There is an old, worn city in India called Ahmadabad, which is known for its festival of kites. Each year, for as far back as anyone can remember, the residents go up to their rooftops on the appointed day, ready to battle. The sky seethes with kites, slithering like eels. Flapping like butterflies. Jerking like bats. On that one day, everyone is equal. Rich or poor, it makes no difference. What matters is how long you can keep your kite afloat, and how many of your neighbors’ kites you can cut down.
Aakash Maherya, the son of a postman, learned to fly kites as a young boy, when the master-flyer in the neighborhood let him hold his spool of string. The master taught him to let the string, coated with razor-sharp ground glass, spill out just enough to send those paper hunters into sky.
Kite flying became an obsession for Maherya. He took acting classes at Gujarat College, but kites always came first. Once, he passed up a chance to perform in a national theater competition, because it fell on the same day as the festival of kites.
So it seemed like destiny when an Indian-American filmmaker from Brooklyn came to town and announced that he was making a film called “Patang” — or “The Kite” —
The tryouts for the leading male role — “the hero,” as it’s called in India — were held on a rooftop. Bhargava spent the afternoon watching actors try to coax tissue paper rectangles into the air. Maherya was the absolute best, a kabuki dancer leading his kite across the sky.
But Maherya, age 22, was not your average film star. He had a slight build and wore no-name clothes. He had never been out of Ahmadabad. He had never kissed a woman. On the day of the kissing scene, Bhargava didn’t tell him what was going to happen. When co-star Sugandha Garg planted her lips on Maherya’s, the wonderment spreading across his face, captured on camera, was real.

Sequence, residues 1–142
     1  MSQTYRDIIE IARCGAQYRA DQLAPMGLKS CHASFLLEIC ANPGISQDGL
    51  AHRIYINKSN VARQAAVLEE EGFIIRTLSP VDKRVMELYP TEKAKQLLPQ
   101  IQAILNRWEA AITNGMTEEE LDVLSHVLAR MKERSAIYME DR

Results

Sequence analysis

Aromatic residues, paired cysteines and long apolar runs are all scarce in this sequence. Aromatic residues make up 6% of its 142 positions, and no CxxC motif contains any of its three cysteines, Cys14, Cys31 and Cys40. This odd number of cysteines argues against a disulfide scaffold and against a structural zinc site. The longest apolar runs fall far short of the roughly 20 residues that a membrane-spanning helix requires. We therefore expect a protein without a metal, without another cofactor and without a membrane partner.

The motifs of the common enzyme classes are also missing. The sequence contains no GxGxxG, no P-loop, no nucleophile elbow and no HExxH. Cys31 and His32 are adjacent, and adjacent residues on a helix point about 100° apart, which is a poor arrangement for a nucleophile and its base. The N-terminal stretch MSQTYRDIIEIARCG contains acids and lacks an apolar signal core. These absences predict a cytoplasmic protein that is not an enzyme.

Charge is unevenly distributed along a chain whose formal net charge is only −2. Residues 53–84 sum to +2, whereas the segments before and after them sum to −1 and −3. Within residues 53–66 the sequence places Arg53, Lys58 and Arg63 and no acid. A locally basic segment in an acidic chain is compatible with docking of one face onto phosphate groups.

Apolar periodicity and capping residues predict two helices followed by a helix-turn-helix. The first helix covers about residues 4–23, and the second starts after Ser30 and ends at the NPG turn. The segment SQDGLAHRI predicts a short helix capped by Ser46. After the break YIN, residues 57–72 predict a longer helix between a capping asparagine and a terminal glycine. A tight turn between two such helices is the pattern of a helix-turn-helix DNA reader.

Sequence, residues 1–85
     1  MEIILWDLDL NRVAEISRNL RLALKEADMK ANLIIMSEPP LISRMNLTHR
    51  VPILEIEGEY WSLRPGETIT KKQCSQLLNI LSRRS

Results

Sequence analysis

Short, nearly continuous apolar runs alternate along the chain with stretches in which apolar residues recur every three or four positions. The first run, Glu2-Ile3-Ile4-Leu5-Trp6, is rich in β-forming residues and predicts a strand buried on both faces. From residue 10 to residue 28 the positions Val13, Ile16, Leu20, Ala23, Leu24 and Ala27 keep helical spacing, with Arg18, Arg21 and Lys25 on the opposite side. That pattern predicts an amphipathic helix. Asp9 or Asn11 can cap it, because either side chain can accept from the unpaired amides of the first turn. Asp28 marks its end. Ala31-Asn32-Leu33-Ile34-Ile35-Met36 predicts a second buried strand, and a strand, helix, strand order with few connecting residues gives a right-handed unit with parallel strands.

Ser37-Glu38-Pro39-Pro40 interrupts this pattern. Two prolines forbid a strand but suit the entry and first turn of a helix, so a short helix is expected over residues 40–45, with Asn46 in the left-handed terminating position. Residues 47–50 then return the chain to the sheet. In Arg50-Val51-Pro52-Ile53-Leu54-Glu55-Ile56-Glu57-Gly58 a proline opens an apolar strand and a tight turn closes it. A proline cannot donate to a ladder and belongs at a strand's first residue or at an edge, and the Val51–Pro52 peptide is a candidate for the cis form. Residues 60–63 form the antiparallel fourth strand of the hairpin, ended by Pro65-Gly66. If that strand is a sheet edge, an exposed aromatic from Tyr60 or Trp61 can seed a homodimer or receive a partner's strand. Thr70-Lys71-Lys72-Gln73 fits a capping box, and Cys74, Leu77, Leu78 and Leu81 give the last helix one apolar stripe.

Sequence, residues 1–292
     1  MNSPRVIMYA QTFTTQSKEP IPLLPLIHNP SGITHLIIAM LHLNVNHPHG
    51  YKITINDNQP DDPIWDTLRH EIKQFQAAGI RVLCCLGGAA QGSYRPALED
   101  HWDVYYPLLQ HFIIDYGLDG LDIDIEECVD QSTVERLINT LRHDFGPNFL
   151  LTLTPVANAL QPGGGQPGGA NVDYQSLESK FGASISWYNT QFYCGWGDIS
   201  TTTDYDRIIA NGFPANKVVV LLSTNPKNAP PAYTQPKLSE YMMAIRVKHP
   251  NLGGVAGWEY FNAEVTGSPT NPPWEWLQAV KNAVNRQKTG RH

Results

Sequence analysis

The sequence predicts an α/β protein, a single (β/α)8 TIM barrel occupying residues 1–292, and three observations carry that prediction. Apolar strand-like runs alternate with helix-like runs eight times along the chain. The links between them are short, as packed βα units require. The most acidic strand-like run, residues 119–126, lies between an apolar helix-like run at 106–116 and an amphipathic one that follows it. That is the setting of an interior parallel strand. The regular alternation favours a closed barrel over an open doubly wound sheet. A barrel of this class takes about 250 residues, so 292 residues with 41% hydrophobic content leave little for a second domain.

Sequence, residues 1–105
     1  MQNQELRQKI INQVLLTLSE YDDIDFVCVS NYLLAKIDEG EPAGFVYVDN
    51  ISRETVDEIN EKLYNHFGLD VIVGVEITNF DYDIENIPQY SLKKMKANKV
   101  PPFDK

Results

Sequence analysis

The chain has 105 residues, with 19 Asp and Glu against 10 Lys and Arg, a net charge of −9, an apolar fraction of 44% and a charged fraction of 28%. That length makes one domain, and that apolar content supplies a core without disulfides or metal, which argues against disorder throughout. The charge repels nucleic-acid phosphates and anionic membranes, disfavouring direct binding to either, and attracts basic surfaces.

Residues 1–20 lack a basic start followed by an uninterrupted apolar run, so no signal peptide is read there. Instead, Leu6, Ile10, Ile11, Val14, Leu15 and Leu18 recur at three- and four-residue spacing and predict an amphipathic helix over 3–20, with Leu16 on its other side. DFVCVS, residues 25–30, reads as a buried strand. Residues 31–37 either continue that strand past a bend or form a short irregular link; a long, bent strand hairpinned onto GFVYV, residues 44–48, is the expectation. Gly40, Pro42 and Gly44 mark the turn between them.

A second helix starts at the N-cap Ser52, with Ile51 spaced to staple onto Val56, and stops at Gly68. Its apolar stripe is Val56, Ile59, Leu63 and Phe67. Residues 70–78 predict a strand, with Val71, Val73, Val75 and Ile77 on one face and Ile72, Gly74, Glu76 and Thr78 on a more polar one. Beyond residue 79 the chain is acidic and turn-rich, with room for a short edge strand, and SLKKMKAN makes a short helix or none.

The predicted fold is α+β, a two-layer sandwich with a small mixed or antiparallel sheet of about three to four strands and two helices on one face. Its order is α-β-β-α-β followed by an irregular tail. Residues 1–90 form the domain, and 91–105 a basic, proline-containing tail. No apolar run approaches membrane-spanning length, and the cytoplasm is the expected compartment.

But then the realness of the film started bleeding into his life. He was the hero, so his friends got jealous of him. He fell in love with Garg, who didn’t love him back, just like in the movie. After her commercial film, “Jaane Tu Ya Jaane Na,” became a Bollywood blockbluster, he had a hard time convincing people he knew her. He moved to Mumbai to try to make it as a film star, but no one would return his call. He drifted, smoked too much, got a job as a newscaster, and contemplated suicide.
But after a long, dark period, he returned to Ahmadabad. He found himself again, among the kites. He started directing his own short films and found that he loved it. And then, one day, just before the kite festival, Bhargava returned. “Patang” was finally finished. Roger Ebert gave it four stars. (This week, it is playing in Chicago, New York, New Jersey, and Los Angeles.)
Bhargava rented a local theater so that people from Ahmadabad could see themselves. The big screen filled with images of Maherya and his kites. Later, all the actors clamored up to a rooftop to savor the last hours of the festival. Women in yellow saris held kites with one hand and babies with the other. Boys lit firecrackers and cowered as they went off. Sunidhi Chauhan’s anthem — “I’m Too Sexy For You” — blasted across the city. Down below in the street, cars honked in celebration. Cows wandered by. Dead kites hung from every clothesline. A blood red sun dipped behind the rooftops.
But Maherya kept flying. His fingers, taped like a prize fighter’s, danced his last kite out into the night. Bhargava took the spool and let the string spill out so the kite could run away from them, as far as it wanted. They worked wordlessly on it — actor and director — grimacing in unison when it plummeted, and grinning together as it fought its way back up into the sky.